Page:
Moving to the alternative vote (AV) system to elect our MPs would increase my voter power by 31%.
This rather precise figure has been calculated by the New Economics Foundation (NEF) who have done a statistical analysis of the impact that a move to AV would have on voting in the UK. As people prepare to vote in the referendum on AV on the 5th May it can be difficult to get a handle on the reasons for and against the change. I, along with others who favour a change to AV, would argue that moving to the new system gives more power to the ordinary voter. What NEF have tried to do in their research is to put a number on that increase in power.
They have calculated that a move to AV means an increase in the average power of UK voters from 0.285 of a vote to 0.352 of a vote (where a score of 1 is a fair vote). This means an increase in the number of very marginal seats from 81 to 125, an increase of 44 seats, and a reduction in the number of very-safe seats from 331 to 271 a reduction of 60 seats.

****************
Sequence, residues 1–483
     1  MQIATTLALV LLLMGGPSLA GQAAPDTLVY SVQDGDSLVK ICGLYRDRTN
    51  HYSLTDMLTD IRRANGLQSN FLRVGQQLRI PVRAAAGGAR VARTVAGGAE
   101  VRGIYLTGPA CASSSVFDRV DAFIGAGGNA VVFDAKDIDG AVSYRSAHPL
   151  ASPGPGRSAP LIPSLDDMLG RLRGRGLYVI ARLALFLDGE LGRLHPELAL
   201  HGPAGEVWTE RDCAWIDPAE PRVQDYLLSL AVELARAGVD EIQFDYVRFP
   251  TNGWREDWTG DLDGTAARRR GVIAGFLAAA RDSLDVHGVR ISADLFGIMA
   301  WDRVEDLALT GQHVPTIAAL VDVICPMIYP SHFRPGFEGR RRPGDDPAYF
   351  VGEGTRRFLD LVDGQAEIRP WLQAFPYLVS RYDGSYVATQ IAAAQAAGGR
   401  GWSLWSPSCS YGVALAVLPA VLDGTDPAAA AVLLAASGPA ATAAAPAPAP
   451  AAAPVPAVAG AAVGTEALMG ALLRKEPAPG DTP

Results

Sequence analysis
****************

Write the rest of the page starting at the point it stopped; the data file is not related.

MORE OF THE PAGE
For Luton North AV would mean a change from 0.210 to 0.275.
For Luton South AV would mean a change from 0.236 to 0.308.
Both would mean an increase in voter power of 31% for Luton voters.
What does this tell us? Well if you accept the NEF analysis, and they are a very respected organisation so I see no reason not to, it shows that a move to AV would give more power to voters. It is still a long way short of a fully fair voting system – one where your vote has the full voting power of 1 vote! But it does increase voter power, in Luton by just under a third.
That 31% is not to be sniffed at and is as good enough as any reason to vote Yes in the referendum on May 5th.